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Am. Bird Conservancy v. U.S. Fish and Wildlife Serv., No. 13-723, 2015 WL 3622459 (E.D. Va. June 9, 2015) (Ellis, III, J.)


Am. Bird Conservancy v. U.S. Fish and Wildlife Serv., No. 13-723, 2015 WL 3622459 (E.D. Va. June 9, 2015) (Ellis, III, J.)

Re: Requests for records concerning mortality of certain birds and bats

Disposition: Granting plaintiff's motion for attorney fees and costs; awarding plaintiff $103,491.60 in attorney's fees and $2,579 in costs, for total amount of $106,070.60

  • Attorney Fees, Eligibility:  The court holds that "three sets of document releases render plaintiff eligible to recover attorney's fees in this case."  First, the court notes that "[t]he parties do not dispute that plaintiff is eligible for an attorney's fees award, given that plaintiff obtained relief through a 'judicial order,' . . .[b]ut the parties sharply dispute the extent of that eligibility."  Regarding two releases, the court finds that "defendants have . . . proffered . . . legitimate reason[s] for the timing of [these] document release[s] that [are] unrelated to plaintiff's initiation of this lawsuit."  Specifically, the court points to the conclusion of "defendants' internal review [which] began before the lawsuit was filed," and finds that "the timeline and nature [of] defendants' investigatory process provides a legitimate explanation for the timing of the document release."  However, regarding one additional release, the court finds that "[t]he timing of this document release, in conjunction with the fact that plaintiff's summary judgment response specifically attacked the withholding of documents on Exemption 7(A) grounds, corroborates plaintiff's contention that plaintiff's summary judgment filing was the cause of [this] . . . release."  As to one final "document release, [the court finds that] defendants do not offer any explanation as to why those documents were released, and it is uncontroverted that these documents were released while defendants were complying with the Orders directing them to submit documents for in camera review."  The court finds that "it is [therefore] reasonable to conclude that plaintiff's lawsuit was also a cause of this document release."
  • Attorney Fees, Entitlement:  The court holds that "all four factors in the entitlement calculus point persuasively to the conclusion that plaintiff is entitled to an attorney's fees award."  Regarding the first factor, the court finds that plaintiff "has not only identified general policies implicated by the documents released which bear on matters of public interest, but also has identified specific documents that further those interests, including documents . . . that show that government officials may have been aware of violations of a federal statute—the Federal Advisory Committee Act."  Regarding the second and third factors, the court finds that "[i]t is undisputed that plaintiff is a non-profit organization, as opposed to a corporate entity, and that plaintiff's FOIA requests were submitted solely to further its non-profit goals."  Regarding the fourth factor, the court finds that "[a]bsent further support for defendants' conclusory assertion that Exemption 7(A) applied to the documents at issue, defendants' withholding of [certain] documents cannot be said to have had a reasonable basis in law, especially considering the timing of the release, which occurred a mere three weeks after plaintiff filed its summary judgment memoranda challenging these specific documents that were the subject of plaintiff's FOIA request submitted over two years earlier."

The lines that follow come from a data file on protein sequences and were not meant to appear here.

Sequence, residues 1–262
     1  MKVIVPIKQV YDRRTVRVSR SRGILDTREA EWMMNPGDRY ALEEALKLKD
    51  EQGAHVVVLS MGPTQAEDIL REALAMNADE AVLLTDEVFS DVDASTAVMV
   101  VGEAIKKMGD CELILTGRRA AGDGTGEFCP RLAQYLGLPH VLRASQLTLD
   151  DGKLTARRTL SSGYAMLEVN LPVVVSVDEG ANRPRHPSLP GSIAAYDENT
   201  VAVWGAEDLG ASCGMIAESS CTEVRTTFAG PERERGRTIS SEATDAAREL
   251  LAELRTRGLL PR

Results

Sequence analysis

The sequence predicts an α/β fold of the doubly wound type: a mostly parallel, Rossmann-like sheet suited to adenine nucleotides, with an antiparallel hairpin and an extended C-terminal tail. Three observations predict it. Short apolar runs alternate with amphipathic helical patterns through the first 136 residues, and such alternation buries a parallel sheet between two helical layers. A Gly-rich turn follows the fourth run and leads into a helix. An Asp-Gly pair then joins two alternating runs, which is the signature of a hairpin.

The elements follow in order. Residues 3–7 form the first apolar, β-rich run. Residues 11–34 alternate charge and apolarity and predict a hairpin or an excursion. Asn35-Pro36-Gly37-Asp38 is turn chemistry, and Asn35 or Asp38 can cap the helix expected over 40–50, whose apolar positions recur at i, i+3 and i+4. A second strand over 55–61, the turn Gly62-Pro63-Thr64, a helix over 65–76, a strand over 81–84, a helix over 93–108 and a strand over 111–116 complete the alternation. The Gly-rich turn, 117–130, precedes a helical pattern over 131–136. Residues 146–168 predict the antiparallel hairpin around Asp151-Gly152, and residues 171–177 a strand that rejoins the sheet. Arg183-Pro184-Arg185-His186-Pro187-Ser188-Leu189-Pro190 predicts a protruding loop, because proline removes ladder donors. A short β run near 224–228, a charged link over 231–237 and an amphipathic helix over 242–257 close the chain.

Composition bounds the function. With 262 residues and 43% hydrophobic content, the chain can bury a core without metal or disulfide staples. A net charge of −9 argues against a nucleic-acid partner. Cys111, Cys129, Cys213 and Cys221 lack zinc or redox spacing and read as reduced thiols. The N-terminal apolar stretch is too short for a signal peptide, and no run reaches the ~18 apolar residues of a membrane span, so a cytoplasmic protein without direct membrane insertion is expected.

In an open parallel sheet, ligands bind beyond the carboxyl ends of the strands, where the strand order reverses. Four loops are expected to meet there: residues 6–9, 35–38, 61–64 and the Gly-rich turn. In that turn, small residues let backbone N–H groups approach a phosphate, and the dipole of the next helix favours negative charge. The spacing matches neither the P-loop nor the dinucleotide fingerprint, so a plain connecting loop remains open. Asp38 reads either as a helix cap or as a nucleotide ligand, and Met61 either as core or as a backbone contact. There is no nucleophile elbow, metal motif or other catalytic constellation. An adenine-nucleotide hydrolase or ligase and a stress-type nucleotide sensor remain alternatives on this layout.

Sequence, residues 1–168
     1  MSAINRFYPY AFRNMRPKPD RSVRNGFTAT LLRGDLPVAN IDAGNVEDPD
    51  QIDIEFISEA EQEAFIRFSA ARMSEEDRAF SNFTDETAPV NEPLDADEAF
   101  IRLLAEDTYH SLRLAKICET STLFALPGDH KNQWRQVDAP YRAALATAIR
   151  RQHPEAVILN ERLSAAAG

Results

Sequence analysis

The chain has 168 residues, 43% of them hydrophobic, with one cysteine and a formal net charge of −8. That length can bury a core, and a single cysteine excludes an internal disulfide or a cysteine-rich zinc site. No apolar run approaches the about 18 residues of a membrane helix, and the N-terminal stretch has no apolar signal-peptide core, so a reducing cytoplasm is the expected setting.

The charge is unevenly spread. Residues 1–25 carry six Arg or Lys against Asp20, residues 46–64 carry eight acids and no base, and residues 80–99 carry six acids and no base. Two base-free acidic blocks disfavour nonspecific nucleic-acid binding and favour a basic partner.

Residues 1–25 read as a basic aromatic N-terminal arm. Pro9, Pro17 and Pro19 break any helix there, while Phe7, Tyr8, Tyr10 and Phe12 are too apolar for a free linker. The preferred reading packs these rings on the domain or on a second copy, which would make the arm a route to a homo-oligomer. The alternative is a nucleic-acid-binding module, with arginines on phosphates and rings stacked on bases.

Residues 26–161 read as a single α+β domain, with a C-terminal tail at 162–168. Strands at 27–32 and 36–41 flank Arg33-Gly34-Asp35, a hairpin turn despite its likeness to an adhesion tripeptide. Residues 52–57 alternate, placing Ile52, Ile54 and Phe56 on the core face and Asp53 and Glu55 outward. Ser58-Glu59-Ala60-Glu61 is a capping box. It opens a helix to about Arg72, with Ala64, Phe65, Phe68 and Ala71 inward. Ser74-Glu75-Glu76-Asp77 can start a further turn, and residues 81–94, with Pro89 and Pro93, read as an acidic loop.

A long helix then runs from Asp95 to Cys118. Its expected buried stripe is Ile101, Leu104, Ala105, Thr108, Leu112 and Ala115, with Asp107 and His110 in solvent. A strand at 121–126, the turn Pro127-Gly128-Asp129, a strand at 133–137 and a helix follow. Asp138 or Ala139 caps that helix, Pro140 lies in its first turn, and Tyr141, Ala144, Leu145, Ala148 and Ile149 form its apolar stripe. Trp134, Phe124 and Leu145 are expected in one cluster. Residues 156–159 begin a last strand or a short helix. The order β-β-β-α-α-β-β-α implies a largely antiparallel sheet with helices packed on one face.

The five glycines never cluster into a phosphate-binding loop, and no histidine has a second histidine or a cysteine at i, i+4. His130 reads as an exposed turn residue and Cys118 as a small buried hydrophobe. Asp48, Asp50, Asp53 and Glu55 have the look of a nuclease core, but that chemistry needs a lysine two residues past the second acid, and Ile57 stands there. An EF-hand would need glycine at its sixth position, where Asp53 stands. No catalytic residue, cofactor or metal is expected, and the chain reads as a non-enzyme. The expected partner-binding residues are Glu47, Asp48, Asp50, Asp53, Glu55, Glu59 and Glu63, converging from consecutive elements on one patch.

• Attorney Fees, Calculations:  The court first decides that "plaintiff's attorney's fee petition must be considered in its entirety, and the size of plaintiff's attorney's fee award is not limited to litigation efforts specifically tied to" "the releases that were clearly caused by plaintiff's litigation efforts."  "And this includes time spent preparing the present fee petition, as it is 'well-settled that reasonable time and expenses preparing a fee petition are compensable.'"  The court then applies the "lodestar analysis," first calculating "[t[he prevailing market rate of attorney's fees" in FOIA matters.  The court then reduces plaintiff's claimed hours after finding that "[a] number of plaintiff's submitted time entries in this case contain vague task descriptions that prevent a reliable determination of whether the hours expended on these tasks were reasonable."  "In addition, a number of plaintiff's time entries 'lump' several tasks together under a single entry without adequately documenting the time spent on each task."  The court then finds that, "[a]pplying the relevant reductions to plaintiff's submitted hourly rates and the claimed hours, the adjusted figure of attorney's fees that plaintiff is reasonably entitled to is [$]103,491.60."  Finally, the court finds that "because defendants do not object to any of items that plaintiff is seeking costs for, plaintiff is entitled to recover $2,579 in costs."
Court Decision Topic(s)
District Court opinions
Attorney Fees
Updated January 12, 2022